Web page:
So in order to further speed up the test execution I introduced a --accurate option that the user can pass to the test suite. When this option is given the test is ran (as it used to be) with a lot of iterations in the fuzz tests, by default instead we use less iterations. The continuous integration tests uses --accurate, and so we developers will do before a release (but anyway the test is running continuously inside the CI with --accurate so if something is broken we'll be informed soon).

This further reduced the execution time of a few of the more time consuming tests.

The actual speedup

How faster we can run the test now? A lot faster!

In the same (fast) box what used to take 2 minutes and 54 seconds now can run the same tests in just 13 seconds. This is a 13x speed improvement!.

Even running with --accurate is significantly faster than it used to be, taking a total of 48 seconds to execute.

This is the kind of speedup I was looking for since it is the kind of speedup that can completely change the interaction between testing and users. A 13 seconds test running hundreds of tests with a colorized output is fun to run, while a 3 minutes test is frustrating and many users will not run the tests or will be far from happy of doing it.

Implementation details

This system is implemented in Tcl, using the built in event-driven programming support that Tcl has since... decades? Far before this paradigm started to gain in popularity. You may remember the Why threads are a bad idea paper from Ousterhout (Tcl's father).

For instance in Tcl you could write the following event-driven time server even 10 years ago:
socket -server handle_client 1234
proc handle_client {fd host port} {
    fconfigure $fd -blocking 0
    puts $fd "Hello $host:$port! the current unix time is [clock seconds]"
    close $fd
vwait forever
If you telnet to port the result is: Hello! the current unix time is 1310419689 as expected. That will handle 30k clients per second in your macbook without issues.

Tcl event driven programming supports sending data in background automagically, timers, and so forth. Another feature I used is that in Tcl everything is a string so it was very trivial to exchange data between the test clients and the test server. I used the following function:
proc send_data_packet {fd status data} {
    set payload [list $status $data]
    puts $fd [string length $payload]
    puts -nonewline $fd $payload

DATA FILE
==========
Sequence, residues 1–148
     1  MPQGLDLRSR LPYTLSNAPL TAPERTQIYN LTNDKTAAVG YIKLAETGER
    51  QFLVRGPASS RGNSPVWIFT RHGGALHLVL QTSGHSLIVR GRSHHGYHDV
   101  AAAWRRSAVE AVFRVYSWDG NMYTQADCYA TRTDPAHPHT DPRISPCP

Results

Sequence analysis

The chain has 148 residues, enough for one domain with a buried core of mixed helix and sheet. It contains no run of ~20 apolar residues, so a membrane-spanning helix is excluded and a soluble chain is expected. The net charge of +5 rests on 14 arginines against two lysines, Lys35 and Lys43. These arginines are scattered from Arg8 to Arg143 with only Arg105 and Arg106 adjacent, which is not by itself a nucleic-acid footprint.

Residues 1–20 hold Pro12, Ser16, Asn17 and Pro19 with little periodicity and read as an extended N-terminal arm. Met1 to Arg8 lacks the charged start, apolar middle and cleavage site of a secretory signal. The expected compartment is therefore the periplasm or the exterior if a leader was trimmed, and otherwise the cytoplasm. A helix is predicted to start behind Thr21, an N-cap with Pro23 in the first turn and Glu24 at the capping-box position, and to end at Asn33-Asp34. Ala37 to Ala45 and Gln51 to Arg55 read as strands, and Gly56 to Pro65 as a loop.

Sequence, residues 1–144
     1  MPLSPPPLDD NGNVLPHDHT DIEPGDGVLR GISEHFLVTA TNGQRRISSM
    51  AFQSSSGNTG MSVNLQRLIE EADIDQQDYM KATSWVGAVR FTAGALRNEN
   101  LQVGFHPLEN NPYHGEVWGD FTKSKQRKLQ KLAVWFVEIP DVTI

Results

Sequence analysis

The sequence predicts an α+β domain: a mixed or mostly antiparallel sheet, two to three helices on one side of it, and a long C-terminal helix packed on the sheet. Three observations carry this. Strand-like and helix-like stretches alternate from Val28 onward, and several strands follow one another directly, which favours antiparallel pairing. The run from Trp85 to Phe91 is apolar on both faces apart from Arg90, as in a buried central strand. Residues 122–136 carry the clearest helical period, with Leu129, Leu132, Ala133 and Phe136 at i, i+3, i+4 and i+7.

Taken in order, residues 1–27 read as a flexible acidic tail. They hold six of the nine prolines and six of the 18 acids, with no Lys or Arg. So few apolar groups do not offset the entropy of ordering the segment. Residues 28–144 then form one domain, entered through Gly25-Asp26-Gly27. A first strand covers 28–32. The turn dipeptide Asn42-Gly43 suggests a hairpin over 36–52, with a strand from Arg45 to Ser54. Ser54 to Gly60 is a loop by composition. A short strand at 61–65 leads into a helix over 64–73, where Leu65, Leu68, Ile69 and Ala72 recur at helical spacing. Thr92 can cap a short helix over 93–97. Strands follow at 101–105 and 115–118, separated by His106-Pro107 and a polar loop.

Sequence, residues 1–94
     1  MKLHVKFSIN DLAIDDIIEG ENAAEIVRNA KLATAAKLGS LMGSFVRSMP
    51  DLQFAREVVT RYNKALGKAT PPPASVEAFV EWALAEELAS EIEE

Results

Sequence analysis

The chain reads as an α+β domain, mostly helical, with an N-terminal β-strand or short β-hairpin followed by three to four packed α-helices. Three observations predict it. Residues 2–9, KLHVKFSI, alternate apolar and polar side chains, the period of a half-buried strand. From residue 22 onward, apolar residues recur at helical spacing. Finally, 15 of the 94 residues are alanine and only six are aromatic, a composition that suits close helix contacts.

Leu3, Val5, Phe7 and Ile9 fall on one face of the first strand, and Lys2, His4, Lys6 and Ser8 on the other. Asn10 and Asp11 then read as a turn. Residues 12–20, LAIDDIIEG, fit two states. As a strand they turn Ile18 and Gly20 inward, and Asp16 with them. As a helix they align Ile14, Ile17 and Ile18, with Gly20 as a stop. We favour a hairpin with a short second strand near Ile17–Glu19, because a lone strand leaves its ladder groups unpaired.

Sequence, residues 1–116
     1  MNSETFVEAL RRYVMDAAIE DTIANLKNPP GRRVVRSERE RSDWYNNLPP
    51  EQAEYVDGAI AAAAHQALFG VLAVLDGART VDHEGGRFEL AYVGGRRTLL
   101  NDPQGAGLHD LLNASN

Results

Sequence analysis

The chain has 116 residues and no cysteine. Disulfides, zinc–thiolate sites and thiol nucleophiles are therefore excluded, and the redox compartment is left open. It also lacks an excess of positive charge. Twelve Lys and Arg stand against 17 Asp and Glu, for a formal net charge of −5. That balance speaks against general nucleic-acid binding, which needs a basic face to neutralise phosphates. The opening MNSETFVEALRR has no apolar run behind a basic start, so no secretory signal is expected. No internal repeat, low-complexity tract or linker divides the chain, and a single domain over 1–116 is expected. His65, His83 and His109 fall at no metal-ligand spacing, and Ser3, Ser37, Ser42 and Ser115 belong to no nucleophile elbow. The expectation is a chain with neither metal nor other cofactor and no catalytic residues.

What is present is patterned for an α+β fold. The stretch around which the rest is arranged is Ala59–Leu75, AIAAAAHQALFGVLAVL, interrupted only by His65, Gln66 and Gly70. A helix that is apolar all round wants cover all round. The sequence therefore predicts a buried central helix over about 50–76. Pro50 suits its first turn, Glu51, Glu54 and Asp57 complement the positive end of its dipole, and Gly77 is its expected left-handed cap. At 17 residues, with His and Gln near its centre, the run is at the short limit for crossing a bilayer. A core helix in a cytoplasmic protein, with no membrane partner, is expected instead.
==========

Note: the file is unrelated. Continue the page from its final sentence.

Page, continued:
flush $fd
The receiver of the data packet can easily decoded the data as it is a Tcl list, and is represented as a string like any other data type in Tcl.

So for instance if a test worked as expected the test client sends a data packet to the server with status "ok" using the data filed to communicate the test name. Otherwise if there was some problem an "err" status is sent, along with the details of the error.

Instead if for some reason a runtime error happens in a client it gets trapped using Tcl exceptions and sent to the test server as an "exception" packet, that will halt the execution of everything.

Valgrind support

Another thing I improved was the valgrind support. When the test is running over valgrind a few time dependent tests may fail or produce slightly different outputs that result in false positives. I simply added a few sleeps where needed and everything is now fine. As a result now the Redis test is constantly running over valgrind (at least the unstable branch so far). This was pretty important as in the latest months we spot at least one bug that was detected by valgrind just running the existing test suite.

In short testing is going to be more important in the Redis world, as I'm more content shipping a bit less, but rock solid, that a bit more but with potential issues. The release of 2.4 will be probably delayed a bit in order to add more tests and to test by hand the 2.4 release better, but I think this is in the best interest of our users.

Also the 2.6 release will be based in the unstable release, so that we'll try to restrict the number of significantly different source trees we are managing.

I hope this overview of the test suite was interesting, please if you have questions feel free to ask.
Posted at 17:39:51 | permalink | discuss | print